Aromatic compounds such as alkylbenzenes, naphthalenes, phenanthrenes, and dibenzothiophenes are useful as maturity indicators in basin analysis. They are resistant to biodegradation, can span a wide range of thermal maturities, and under elevated temperatures, can still be identified and analyzed. These indicators respond to an increase in thermal stress with a predictable alkylation progression of a given parent compound or a shift in the isomer distribution of alkyl-aromatic homologues towards thermally more stable isomers. Numerous studies on the maturity trends of the New Albany Shale within the Illinois Basin have utilized vitrinite reflectance (Ro) measurements, Tmax (temperature at which the maximum rate of hydrocarbon generation occurs during pyrolysis of a kerogen sample) data, and conodont analysis. Interpretation of maturity trends determined from this data can be problematic due to vitrinite suppression, measurements derived from bitumen reflectance (vs Ro), paleogeotherm control on vitrinite reflectance, and differing laboratory protocols in geochemical analyses. Sweeney and Burnham (1990) developed a model for vitrinite maturation that integrates chemical kinetic equations over time and temperature to account for the elimination of water, carbon dioxide, methane, and bitumen from vitrinite. Using the EASY %Ro method, calculated Ro can be determined for specific time/temperature conditions and constrained using aromatic compounds such as methylphenanthrenes and triaromatic steroids. These correlations provide an alternative method for mapping thermal maturity across basins with complex burial histories. Source rock extracts from the New Albany Shale were analyzed from various depths across the Illinois basin using gas chromatography-mass spectrometry (GCMS) to calculate specific aromatic compound concentrations. These data were plotted against calculated and measured Ro values. Problematic zones of suppressed vitrinite were identified along with indications of higher maturity (than previously interpreted) trends within the New Albany Shale.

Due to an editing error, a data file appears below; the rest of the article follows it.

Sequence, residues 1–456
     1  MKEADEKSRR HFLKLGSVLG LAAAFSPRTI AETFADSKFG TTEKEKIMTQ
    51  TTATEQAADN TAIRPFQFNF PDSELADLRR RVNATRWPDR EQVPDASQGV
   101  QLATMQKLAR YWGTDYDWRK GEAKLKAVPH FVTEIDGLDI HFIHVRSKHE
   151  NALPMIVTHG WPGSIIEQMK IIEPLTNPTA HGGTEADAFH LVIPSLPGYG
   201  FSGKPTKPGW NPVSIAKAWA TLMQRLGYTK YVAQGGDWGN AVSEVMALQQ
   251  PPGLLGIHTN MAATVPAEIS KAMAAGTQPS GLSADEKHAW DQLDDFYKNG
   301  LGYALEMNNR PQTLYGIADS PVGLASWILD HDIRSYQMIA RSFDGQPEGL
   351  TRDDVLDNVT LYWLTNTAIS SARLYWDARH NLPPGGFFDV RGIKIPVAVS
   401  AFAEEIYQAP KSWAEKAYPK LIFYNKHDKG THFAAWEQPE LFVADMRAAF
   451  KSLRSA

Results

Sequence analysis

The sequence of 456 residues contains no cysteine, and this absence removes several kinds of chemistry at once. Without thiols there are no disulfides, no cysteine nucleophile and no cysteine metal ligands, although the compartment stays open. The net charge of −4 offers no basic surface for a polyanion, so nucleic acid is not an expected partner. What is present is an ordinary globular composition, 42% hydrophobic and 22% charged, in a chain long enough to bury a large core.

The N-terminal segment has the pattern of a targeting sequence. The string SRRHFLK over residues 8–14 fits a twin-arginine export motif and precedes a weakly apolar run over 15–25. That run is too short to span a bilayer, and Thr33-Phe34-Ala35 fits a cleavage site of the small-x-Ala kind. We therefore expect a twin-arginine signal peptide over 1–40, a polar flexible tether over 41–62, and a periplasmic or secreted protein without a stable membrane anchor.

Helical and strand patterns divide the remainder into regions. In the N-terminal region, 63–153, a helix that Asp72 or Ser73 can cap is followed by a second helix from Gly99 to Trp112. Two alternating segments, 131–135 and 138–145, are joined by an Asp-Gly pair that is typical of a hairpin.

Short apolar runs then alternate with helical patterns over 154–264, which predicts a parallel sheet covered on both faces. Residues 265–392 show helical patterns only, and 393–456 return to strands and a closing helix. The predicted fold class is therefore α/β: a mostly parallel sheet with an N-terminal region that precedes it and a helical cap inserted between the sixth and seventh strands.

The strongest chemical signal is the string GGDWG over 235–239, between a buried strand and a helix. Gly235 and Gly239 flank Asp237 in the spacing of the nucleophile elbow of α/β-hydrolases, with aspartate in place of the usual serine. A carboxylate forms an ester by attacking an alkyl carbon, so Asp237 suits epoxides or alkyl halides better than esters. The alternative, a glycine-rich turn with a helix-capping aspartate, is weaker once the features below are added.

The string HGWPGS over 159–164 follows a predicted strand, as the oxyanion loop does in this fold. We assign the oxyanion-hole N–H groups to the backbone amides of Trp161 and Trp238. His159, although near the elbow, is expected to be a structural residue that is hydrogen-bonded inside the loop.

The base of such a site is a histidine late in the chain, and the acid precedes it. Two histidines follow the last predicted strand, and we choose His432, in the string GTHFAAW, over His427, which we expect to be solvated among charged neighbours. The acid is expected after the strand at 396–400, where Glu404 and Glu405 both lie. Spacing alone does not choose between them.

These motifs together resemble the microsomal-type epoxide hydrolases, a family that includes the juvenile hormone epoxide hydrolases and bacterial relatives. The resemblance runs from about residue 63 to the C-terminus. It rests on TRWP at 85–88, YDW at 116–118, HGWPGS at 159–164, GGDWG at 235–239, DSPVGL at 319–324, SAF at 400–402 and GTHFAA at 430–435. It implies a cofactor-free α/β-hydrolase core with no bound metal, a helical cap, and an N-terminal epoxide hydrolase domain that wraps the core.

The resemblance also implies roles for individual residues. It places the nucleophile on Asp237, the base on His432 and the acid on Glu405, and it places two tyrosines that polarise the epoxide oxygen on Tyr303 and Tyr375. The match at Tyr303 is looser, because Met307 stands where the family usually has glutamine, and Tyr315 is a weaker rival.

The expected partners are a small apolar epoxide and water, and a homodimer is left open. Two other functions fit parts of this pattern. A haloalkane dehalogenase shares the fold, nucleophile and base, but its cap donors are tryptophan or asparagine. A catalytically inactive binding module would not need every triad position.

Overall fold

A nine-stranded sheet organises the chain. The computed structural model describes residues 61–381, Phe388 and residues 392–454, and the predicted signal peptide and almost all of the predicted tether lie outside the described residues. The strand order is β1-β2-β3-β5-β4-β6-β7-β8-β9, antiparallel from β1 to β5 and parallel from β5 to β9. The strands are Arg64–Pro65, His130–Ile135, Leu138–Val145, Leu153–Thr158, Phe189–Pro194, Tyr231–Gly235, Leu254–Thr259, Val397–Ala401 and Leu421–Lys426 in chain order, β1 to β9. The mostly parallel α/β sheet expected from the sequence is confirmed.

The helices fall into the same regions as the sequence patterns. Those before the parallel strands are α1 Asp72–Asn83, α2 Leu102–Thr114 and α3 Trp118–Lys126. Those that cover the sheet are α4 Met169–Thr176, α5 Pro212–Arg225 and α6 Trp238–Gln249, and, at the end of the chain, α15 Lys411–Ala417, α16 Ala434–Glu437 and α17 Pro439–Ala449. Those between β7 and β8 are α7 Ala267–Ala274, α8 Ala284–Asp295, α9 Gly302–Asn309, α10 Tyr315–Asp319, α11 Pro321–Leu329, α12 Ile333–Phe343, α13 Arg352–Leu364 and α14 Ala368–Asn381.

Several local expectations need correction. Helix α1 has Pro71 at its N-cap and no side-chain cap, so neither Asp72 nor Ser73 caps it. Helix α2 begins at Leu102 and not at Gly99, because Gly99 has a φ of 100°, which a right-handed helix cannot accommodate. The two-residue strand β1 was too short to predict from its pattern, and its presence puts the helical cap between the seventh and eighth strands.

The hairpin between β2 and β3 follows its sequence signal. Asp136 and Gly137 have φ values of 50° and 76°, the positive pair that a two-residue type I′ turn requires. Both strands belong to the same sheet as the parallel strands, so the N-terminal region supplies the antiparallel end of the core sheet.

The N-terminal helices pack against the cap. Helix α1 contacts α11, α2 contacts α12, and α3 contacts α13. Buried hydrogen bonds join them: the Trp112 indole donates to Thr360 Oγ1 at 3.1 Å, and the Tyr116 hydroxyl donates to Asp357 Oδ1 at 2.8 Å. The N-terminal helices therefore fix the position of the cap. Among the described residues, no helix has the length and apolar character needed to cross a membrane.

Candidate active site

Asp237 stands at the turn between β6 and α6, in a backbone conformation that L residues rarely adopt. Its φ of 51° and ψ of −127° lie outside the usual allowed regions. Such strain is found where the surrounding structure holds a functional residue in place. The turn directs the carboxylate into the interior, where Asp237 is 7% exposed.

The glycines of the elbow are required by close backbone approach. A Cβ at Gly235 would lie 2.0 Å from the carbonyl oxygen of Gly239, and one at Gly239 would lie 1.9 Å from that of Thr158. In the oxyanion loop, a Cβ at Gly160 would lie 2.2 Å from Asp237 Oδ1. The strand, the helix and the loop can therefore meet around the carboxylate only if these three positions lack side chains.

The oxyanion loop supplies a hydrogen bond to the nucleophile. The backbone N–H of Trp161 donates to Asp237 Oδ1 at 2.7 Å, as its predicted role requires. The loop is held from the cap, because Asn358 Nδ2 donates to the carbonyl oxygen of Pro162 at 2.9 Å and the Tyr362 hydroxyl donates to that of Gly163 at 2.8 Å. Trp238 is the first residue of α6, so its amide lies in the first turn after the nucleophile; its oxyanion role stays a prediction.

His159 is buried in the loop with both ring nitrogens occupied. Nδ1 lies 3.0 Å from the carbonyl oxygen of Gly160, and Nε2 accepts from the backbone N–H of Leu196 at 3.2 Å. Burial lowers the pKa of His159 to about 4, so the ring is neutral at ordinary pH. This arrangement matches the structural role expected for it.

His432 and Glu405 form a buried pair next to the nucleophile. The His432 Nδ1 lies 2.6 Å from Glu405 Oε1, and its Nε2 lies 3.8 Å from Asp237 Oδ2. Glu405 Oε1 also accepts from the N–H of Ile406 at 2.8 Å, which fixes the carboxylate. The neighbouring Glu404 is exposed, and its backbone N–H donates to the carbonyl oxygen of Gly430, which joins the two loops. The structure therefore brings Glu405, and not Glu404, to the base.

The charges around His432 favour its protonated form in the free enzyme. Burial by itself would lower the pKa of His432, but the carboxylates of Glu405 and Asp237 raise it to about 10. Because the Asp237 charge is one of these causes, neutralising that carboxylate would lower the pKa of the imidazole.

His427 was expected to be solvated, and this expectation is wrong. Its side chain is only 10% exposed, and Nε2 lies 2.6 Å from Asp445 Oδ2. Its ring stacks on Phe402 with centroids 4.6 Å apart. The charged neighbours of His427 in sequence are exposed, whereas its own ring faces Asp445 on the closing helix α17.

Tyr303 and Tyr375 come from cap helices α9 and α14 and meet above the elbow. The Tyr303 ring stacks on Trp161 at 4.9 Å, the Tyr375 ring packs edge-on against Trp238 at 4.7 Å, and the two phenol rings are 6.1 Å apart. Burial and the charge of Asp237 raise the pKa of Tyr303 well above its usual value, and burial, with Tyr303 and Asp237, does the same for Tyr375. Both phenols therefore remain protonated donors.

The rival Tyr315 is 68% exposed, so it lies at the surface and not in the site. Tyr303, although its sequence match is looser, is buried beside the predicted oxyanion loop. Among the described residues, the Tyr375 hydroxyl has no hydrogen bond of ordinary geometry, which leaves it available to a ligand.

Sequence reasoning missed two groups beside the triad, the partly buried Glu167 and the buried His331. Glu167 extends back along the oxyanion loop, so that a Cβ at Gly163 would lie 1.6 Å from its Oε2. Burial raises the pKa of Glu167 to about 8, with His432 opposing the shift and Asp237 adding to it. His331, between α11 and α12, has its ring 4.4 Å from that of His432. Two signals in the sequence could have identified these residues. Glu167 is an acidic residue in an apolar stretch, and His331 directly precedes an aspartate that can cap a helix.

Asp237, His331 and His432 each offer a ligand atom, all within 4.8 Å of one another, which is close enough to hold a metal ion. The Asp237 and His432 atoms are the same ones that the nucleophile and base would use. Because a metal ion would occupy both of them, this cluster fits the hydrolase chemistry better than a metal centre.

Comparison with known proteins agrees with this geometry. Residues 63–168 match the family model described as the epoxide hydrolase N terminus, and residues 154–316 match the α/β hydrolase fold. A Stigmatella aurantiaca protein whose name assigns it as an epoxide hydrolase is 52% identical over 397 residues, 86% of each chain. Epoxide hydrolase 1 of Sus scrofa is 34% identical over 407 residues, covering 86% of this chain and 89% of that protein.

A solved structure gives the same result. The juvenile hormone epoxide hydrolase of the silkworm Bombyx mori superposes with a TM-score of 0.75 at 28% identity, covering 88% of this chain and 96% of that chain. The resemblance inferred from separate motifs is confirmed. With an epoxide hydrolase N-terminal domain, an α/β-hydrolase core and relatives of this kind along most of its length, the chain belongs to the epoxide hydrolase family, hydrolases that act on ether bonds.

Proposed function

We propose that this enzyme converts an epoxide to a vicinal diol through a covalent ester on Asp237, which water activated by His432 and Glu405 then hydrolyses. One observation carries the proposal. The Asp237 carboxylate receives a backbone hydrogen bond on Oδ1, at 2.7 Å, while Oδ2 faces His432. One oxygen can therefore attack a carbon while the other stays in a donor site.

|Original language||English (US)|
|State||Published - 2017|